What you may request through Law ILLiad:
What you should not request through Law ILLiad:
HOW DO I REQUEST MATERIAL?
Create a Law ILLIad patron account via the following steps:
Once you have created a Law ILLiad account, request items in the following format:
Please note that you are responsible for all material charged out to your account, so do not give ILL material to anyone else - if your professor wants to have a book that you requested through your Law ILLiad account, a new request has to be made under the professor’s account. DO NOT transfer any books requested under your account to your professor.
Please note that during the Covid-19 crisis our ability to retrieve books will be limited. It is strongly suggested that whenever possible, people should request pages and chapters of books, rather than books themselves
International legal research usually refers to issues involving the law between nations -- so if your professor asks you to research how different countries behave on a global stage, you will need to perform international legal research.
There are two main types of international law - public and private. Public international law is that which governs the relations between or among nations, while private international law concerns disputes between private parties in which the laws, jurisdiction or court judgments of more than one jurisdiction or country are implicated. If your professor wants you to research a topic involving treaties, United Nations, human rights, international courts, or something else that sounds like it would affect a federal government but not individual citizens, it is most likely a public international law issue. If your professor wants you to research arbitration, international business transactions, or transnational litigation, it is most likely a private international law issue.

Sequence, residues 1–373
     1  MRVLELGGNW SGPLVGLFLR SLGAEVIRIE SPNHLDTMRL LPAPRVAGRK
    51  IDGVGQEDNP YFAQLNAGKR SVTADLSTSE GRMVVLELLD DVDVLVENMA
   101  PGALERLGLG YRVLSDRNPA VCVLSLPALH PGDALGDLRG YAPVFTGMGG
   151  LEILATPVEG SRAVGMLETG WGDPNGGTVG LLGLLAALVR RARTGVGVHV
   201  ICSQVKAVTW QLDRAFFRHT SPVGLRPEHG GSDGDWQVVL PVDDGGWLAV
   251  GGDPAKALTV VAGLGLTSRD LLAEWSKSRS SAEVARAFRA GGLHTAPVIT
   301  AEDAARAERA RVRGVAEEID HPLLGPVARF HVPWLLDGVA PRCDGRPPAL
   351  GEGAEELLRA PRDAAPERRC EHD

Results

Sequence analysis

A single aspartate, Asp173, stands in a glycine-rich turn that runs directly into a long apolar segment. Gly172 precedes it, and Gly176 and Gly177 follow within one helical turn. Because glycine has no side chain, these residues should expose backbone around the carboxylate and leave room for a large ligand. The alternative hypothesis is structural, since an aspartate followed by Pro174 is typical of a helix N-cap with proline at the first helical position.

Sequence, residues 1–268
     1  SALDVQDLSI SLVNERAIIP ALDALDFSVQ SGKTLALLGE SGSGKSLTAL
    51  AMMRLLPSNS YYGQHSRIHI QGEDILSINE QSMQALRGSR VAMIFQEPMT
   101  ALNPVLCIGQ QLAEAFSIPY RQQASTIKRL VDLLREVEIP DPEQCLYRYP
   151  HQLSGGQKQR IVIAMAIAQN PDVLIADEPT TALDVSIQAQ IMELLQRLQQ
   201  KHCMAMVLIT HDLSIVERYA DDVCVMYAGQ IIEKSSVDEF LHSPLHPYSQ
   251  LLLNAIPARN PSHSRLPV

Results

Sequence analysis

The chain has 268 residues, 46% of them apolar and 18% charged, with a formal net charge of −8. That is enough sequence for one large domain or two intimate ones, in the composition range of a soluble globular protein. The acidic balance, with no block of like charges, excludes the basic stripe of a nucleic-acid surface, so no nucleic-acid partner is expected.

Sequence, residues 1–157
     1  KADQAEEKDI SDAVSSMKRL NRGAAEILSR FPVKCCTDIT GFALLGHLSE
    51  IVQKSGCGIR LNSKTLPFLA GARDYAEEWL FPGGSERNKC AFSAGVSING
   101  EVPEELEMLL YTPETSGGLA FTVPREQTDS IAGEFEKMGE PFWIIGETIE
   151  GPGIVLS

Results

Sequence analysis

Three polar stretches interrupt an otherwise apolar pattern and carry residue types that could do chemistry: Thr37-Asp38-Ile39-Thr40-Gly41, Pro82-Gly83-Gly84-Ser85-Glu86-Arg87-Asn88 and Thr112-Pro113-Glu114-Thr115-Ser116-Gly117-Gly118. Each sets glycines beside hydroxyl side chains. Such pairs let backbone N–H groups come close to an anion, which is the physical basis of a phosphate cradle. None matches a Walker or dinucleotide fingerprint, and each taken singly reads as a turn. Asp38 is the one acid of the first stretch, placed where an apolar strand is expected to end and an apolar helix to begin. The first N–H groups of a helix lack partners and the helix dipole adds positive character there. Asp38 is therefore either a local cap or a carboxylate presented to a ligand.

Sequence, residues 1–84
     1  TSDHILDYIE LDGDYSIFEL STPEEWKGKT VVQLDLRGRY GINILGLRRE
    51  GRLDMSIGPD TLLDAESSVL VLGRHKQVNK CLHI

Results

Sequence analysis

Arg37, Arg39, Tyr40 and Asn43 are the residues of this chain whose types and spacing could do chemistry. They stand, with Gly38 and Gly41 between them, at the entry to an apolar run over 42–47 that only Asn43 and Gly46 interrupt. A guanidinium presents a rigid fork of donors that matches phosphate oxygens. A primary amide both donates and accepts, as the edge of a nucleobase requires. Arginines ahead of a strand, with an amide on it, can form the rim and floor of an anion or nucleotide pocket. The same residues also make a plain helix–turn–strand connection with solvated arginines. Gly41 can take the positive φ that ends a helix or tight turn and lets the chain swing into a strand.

For all international law issues, the best place to start is by familiarizing yourself with the topic. There are two great sources; when you're first starting out, check both. 1) Max Planck Encyclopedia of Public International Law (FLS subscription database). Search for your topic in the "quick search" box or browse topics by subject. Articles provide commentary and analysis on a number of topics, links you to relevant primary sources of law, and have helpful bibliographies at the end of each article to point you to other relevant journal articles and books on that topic. Tends to be more scholarly and in-depth than 2) GlobaLex. Select "International Law" for any topic from fisheries to space law. These articles tend to offer broader overviews and tell what what documents are produced and how to find them.
Here are some powerpoints from our former Professor Shea's Advanced Legal Research: International and Foreign Legal Research class that may be useful:
Please feel free to reach out to our Foreign and International Law Librarian, Janet Kearney.
Foreign legal research refers to locating the domestic law of foreign countries. So, if a professor asks you to research Cambodian laws, you will need to perform foreign legal research.
Comparative legal research refers to comparing laws on a single topic in a number of different jurisdictions. So, if a professor asks you to research disability laws of Asian countries, you will need to perform comparative legal research which will involve you locating a number of foreign laws on a single topic.
By far, the best sources to start with are Foreign Law Guide (FLS subscription database) and GlobaLex (free) - simply find your country in either of these sources and read about the history and organization of its legal system, information on key laws in certain topic areas, and links to places you can find that country's legal information online.
Here are some powerpoints from our former Professor Shea's Advanced Legal Research: International and Foreign Legal Reserach class that may be useful:
Please also feel free to reach out to our Foreign and International Law Librarian, Janet Kearney.